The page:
The principle that a sentence should be proportionate to the seriousness of the offence remains at the centre of penal practice and scholarly debate. This volume explores highly topical aspects of proportionality theory that require examination and further analysis. von Hirsch and Ashworth explore the relevance of the principle of proportionality to the sentencing of young offenders, the possible reasons for departing from the principle when sentencing dangerous offenders, and the application of the principle to socially deprived offenders. They examine (...) the claim that the principle tends to be associated with greater severity in sentencing, and explore the relevance of penance and of restorative justice to proportionality theory. Their examination of arguments and counter-arguments culminates in a re-statement of the main criteria for proportionate sentencing.The authors are well known for their previous writings on proportionality theory, and this volume broadens the theory to deal with important contemporary issues in crime and punishment. (shrink)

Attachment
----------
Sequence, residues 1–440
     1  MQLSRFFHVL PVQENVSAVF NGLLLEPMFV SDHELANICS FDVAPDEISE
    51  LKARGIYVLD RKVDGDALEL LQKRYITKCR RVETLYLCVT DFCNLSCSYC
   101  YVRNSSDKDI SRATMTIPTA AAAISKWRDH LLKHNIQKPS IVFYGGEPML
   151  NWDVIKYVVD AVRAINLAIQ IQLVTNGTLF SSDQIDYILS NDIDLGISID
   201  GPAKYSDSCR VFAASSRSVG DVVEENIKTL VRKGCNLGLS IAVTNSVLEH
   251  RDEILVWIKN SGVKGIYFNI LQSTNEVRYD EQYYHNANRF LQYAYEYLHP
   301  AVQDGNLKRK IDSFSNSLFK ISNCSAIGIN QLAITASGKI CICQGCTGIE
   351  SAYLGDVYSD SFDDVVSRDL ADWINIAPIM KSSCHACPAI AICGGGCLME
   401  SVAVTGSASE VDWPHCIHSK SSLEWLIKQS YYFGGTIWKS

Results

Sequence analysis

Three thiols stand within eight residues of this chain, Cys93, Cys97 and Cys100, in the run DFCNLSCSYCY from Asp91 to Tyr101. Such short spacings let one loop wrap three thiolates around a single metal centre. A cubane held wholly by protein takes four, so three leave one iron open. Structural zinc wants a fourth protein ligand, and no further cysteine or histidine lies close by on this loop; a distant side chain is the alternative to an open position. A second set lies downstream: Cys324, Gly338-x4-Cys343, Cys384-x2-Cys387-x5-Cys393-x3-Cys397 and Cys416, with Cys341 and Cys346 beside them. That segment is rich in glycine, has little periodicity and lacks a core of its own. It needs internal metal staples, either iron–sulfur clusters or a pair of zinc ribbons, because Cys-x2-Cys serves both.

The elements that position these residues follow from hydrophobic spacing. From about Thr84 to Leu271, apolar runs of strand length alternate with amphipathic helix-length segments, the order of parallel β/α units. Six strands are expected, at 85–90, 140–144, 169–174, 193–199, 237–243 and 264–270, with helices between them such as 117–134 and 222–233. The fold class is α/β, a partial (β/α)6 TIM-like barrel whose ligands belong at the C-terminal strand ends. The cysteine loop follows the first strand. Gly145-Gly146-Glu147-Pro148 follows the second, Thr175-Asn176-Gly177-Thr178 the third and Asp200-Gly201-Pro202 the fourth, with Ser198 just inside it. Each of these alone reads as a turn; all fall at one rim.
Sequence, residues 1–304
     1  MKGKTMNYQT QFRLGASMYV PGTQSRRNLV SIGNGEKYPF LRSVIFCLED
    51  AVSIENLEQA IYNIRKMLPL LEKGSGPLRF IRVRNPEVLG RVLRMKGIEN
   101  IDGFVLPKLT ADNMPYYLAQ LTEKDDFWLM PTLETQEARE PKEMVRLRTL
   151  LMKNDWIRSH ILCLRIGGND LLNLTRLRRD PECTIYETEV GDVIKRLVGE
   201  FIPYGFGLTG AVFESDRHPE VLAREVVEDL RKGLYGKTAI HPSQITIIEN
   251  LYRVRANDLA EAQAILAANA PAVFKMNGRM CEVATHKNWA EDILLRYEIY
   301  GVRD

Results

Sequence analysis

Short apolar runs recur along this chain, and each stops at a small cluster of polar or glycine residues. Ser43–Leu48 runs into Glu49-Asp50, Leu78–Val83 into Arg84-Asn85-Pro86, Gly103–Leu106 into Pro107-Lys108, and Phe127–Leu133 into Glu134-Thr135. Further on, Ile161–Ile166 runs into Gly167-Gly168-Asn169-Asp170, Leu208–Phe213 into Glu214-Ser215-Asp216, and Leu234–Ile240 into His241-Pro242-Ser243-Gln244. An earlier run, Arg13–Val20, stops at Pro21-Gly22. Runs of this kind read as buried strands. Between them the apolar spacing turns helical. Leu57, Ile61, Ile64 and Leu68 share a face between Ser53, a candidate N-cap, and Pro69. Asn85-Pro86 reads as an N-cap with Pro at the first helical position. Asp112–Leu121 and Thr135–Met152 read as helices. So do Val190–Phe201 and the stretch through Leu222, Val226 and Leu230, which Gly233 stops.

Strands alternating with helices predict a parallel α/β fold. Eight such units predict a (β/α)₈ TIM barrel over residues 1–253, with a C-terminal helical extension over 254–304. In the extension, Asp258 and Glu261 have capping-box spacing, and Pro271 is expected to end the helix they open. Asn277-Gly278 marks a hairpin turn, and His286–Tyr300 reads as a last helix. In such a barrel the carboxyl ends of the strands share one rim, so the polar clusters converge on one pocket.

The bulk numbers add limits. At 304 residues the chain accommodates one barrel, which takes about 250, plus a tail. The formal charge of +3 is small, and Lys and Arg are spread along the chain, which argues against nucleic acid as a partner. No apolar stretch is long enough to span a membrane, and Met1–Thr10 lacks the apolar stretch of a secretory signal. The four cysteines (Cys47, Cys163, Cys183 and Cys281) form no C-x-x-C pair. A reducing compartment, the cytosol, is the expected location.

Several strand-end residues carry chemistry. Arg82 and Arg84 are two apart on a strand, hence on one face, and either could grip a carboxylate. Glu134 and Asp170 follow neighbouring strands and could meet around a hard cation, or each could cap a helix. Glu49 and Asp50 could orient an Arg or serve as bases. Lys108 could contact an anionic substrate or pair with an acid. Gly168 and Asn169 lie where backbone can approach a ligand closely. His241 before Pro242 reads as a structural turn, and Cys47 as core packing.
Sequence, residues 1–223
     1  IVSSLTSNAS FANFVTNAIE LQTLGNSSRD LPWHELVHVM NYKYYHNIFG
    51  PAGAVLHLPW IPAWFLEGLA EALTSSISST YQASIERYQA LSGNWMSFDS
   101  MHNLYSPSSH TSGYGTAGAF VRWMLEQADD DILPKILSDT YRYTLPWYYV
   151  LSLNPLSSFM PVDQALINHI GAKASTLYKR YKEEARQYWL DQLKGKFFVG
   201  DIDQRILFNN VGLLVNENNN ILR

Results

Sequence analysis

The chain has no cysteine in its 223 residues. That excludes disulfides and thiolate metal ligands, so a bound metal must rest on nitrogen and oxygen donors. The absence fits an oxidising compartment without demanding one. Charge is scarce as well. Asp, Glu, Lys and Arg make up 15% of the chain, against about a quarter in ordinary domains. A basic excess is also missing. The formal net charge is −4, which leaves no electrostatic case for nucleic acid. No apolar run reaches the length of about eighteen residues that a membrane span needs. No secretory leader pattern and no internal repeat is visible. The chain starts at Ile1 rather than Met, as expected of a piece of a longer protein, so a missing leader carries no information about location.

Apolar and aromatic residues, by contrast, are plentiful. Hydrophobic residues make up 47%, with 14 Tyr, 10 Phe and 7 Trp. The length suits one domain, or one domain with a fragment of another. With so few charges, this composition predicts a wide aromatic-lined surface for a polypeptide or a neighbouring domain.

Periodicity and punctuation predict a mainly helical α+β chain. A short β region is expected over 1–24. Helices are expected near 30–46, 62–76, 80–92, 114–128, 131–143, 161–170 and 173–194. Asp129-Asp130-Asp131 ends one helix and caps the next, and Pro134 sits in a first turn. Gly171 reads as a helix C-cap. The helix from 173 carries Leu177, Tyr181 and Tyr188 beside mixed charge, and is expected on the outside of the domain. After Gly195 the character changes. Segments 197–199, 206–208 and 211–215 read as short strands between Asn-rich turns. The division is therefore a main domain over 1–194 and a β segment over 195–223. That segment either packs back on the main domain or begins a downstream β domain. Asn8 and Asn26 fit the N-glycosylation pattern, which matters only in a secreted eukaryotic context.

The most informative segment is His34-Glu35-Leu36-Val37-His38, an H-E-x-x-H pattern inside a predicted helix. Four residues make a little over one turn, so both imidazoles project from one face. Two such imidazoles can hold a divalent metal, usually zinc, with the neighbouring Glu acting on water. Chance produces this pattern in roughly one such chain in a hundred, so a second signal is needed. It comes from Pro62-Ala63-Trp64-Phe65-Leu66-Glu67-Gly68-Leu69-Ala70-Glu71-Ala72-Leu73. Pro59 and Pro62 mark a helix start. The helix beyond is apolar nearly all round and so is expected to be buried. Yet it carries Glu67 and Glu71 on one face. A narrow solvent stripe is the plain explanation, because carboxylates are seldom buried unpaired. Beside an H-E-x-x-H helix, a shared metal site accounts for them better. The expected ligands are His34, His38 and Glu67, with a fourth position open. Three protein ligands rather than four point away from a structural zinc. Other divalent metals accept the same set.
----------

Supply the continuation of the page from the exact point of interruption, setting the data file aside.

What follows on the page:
This book arises from a three-year study of Preventive Justice directed by Professor Andrew Ashworth and Professor Lucia Zedner at the University of Oxford. The study seeks to develop an account of the principles and values that should guide and limit the state's use of preventive techniques that involve coercion against the individual. States today are increasingly using criminal law or criminal law-like tools to try to prevent or reduce the risk of anticipated future harm. Such measures include criminalizing conduct (...) at an early stage in order to allow authorities to intervene; incapacitating suspected future wrongdoers; and imposing extended sentences or indefinate on past wrongdoers on the basis of their predicted future conduct - all in the name of public protection and security. The chief justification for the state's use of coercion is protecting the public from harm. Although the rationales and justifications of state punishment have been explored extensively, the scope, limits and principles of preventive justice have attracted little doctrinal or conceptual analysis. This book re-assesses the foundations for the range of coercive measures that states now take in the name of prevention and public protection, focussing particularly on coercive measures involving deprivation of liberty. It examines whether these measures are justified, whether they distort the proper boundaries between criminal and civil law, or whether they signal a larger change in the architecture of security. In so doing, it sets out to establish a framework for what we call 'Preventive Justice'. (shrink)